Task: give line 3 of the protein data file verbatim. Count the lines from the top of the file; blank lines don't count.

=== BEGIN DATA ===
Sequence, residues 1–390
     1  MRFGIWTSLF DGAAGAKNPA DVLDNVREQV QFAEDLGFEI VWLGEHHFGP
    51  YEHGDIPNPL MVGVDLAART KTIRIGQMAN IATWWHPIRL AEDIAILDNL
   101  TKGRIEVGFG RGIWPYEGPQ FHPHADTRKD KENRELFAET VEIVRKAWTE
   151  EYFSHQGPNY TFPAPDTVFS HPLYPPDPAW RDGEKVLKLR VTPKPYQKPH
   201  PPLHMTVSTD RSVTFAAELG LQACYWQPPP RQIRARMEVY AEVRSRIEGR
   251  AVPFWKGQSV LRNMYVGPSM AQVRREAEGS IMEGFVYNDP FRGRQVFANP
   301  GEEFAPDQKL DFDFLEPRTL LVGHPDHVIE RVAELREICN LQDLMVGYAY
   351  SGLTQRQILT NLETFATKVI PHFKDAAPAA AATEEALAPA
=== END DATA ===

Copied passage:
    51  YEHGDIPNPL MVGVDLAART KTIRIGQMAN IATWWHPIRL AEDIAILDNL